VIDEO PODCAST: Women Composers - Our special hour-long illustrated feature on women composers includes contributions from Diana Ambache, Gail Wein, Hilary Tann, Natalie Artemas-Polak and Victoria Bond.
Born in the Bavarian town of Bendorf in 1763, Simon Mayr was the son of a schoolmaster, and showed some early promise as a musician. After studying theology at the University, he continued to show great musical prowess, but his real training as a musician only began in 1787, when a patron took him to Italy. From 1789 he continued to enhance his knowledge with Carlo Lenzi, maestro di cappella of the Bergamo Basilica of Santa Maria Maggiore. Another generous patron gave him the chance to also study in Venice.
His turning to opera owed much to the encouragement he received from Piccinni and Peter von Winter. Other operas followed for Venice, then La Scala and other Italian theatres, with an increasingly large number of performances abroad. In 1802 he followed Lenzi as maestro di cappella at the Bergamo Basilica, establishing a free music school three years later. Mayr held these positions until his death in 1845. As a teacher he was much respected by his pupil Donizetti, and he strived hard to promote the works of the great composers of that era such as Haydn, Mozart and Beethoven in Italy. His own style does resemble the sound world of the Viennese Classical tradition, but the Italian influence always held sway.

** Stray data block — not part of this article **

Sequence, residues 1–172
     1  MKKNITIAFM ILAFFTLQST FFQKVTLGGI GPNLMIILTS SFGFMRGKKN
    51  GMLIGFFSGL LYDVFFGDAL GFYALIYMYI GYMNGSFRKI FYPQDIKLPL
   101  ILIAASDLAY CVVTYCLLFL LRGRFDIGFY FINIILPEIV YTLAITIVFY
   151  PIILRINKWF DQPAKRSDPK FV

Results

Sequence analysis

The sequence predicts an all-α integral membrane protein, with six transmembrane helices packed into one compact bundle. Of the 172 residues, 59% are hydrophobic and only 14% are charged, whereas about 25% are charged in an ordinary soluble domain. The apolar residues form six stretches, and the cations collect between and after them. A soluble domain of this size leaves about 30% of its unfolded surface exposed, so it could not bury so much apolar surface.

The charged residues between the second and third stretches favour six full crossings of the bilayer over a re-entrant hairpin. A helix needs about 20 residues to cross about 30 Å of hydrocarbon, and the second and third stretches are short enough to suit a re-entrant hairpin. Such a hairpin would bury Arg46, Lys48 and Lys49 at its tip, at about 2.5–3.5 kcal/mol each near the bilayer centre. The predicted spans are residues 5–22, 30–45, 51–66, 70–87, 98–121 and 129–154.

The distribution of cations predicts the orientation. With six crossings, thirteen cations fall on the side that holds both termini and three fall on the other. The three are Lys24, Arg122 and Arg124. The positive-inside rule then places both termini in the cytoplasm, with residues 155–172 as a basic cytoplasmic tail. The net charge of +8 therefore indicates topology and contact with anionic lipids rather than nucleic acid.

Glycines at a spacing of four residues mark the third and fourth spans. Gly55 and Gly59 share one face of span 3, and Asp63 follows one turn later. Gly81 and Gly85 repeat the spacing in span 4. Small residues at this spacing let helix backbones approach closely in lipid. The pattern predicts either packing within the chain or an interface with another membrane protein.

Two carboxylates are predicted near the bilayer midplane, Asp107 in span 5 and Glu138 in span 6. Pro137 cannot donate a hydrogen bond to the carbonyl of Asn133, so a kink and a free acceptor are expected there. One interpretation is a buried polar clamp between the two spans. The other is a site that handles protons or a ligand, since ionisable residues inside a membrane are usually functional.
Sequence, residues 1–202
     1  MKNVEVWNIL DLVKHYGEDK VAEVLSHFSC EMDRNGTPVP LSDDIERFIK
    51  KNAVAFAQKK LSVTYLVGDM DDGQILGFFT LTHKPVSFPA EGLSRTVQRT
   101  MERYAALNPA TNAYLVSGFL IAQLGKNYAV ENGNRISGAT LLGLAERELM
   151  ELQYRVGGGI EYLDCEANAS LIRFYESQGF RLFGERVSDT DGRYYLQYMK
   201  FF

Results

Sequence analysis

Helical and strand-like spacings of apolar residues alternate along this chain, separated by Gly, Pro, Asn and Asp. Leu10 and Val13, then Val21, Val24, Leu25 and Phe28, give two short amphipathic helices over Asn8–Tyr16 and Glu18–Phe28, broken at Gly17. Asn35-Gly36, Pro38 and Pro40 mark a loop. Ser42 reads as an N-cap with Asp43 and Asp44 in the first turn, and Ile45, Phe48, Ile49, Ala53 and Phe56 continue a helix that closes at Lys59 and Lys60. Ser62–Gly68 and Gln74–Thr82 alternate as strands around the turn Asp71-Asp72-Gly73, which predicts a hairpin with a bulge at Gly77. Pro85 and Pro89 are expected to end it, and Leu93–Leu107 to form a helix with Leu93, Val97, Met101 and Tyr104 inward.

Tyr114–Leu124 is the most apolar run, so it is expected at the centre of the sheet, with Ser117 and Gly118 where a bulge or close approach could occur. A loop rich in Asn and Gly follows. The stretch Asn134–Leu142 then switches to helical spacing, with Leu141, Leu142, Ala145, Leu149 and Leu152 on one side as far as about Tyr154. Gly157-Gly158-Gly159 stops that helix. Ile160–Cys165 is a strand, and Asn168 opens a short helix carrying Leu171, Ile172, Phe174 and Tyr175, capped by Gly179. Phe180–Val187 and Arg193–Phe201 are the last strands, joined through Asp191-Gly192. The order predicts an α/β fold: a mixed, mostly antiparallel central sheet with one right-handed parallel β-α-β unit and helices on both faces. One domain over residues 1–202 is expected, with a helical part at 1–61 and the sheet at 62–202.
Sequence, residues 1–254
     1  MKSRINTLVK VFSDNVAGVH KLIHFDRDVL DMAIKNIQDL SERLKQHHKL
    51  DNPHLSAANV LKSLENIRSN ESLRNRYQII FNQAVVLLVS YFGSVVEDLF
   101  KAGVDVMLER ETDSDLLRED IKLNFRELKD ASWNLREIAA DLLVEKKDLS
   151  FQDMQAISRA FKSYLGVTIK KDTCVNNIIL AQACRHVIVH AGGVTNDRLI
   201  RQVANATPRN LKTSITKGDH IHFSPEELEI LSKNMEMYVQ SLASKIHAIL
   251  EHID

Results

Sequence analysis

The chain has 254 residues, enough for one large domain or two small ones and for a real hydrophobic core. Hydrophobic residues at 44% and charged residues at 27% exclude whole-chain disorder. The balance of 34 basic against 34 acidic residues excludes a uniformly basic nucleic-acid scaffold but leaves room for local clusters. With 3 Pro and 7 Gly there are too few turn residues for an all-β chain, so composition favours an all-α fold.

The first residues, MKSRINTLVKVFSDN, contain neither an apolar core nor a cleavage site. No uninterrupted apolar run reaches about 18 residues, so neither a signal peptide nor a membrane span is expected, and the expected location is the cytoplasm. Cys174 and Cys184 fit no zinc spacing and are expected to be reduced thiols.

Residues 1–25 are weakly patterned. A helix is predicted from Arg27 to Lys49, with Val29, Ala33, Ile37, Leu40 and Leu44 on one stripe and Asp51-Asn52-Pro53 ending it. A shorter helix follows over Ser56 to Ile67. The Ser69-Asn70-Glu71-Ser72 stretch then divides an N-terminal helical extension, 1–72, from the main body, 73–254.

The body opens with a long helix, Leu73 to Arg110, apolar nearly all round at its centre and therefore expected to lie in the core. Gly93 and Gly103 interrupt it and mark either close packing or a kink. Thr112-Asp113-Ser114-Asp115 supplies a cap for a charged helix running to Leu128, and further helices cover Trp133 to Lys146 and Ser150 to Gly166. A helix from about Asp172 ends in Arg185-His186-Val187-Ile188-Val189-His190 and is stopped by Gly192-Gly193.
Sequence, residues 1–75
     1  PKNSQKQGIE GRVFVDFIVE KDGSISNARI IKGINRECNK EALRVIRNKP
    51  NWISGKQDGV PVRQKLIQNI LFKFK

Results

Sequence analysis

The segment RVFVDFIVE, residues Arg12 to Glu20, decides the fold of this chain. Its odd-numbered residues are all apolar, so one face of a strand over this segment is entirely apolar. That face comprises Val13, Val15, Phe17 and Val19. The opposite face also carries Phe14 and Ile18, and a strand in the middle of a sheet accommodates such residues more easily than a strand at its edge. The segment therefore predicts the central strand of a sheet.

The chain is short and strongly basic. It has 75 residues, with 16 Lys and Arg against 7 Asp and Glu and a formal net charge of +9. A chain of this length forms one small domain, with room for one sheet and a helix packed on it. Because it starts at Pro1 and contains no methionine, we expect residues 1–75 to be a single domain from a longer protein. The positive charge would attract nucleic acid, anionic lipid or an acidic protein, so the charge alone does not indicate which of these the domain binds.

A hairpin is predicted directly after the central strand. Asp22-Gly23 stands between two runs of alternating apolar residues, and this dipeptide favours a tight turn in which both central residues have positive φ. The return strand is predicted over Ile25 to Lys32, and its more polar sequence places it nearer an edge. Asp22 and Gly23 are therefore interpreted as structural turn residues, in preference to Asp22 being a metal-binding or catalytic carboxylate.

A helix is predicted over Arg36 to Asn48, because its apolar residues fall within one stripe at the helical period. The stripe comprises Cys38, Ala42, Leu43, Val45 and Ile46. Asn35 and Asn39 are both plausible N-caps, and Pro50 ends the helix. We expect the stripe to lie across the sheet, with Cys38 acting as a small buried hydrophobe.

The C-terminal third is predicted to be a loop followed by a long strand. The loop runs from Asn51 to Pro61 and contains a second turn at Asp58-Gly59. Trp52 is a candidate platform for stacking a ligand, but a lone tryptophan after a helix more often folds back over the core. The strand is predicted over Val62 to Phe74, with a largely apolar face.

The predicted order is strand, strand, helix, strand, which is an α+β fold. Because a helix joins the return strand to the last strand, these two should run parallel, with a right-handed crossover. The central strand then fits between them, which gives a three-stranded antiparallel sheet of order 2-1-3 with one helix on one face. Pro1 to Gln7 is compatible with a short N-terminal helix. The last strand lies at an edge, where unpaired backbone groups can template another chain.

Mayr was an immensely prolific composer, and his huge output includes some seventy operas and over six hundred sacred works, all composed before 1824. He died in Bergamo, Italy, aged eighty-two. Throughout his career, the composer wrote no less than eighteen masses and seven requiems, and such was his fame that these works were in great demand across Europe.
The two compositions on this disc, as all the others in the genre, are rooted in the Italian tradition of the messa concertata, which demands division into separate vocal numbers. The E minor Mass has long been recognized as an outstanding example of Mayr's late style.
Listen — Mayr: Gloria in Excelsis (Messa di Gloria in E minor)
(track 2, 1:32-2:22) ℗ 2021 Naxos Rights (Europe) Ltd :
Nearly an hour long and written circa 1820-34, it displays a polyphonic mastery and dialogue between singers and concertante solo instruments in an exceptionally convincing manner.
Listen — Mayr: Cum sancto spiritu (Messa di Gloria in E minor)
(track 7, 0:00-0:58) ℗ 2021 Naxos Rights (Europe) Ltd :
The F minor Mass (circa 1820) alternates between passages of joy and deep melancholy, but its notable gift for melodic beauty gives it a splendour that is particularly arresting.
Listen — Mayr: Kyrie (Messa di Gloria in F minor)
(track 8, 0:00-0:55) ℗ 2021 Naxos Rights (Europe) Ltd :
As in previous Mayr issues, Franz Hauk is completely committed to the cause, drawing some truly memorable singing from soloists and chorus alike. Likewise, the Concerto de Bassus deliver near perfect interpretations of their orchestral parts.
Listen — Mayr: Quoniam (Messa di Gloria in F minor)
(track 13, 2:43-3:42) ℗ 2021 Naxos Rights (Europe) Ltd :
An absolutely riveting addition to Hauk's unflinching advocacy of Mayr's mostly neglected sacred oeuvre. Excellent booklet notes and a very generous playing time are added bonuses.
Copyright © 9 December 2021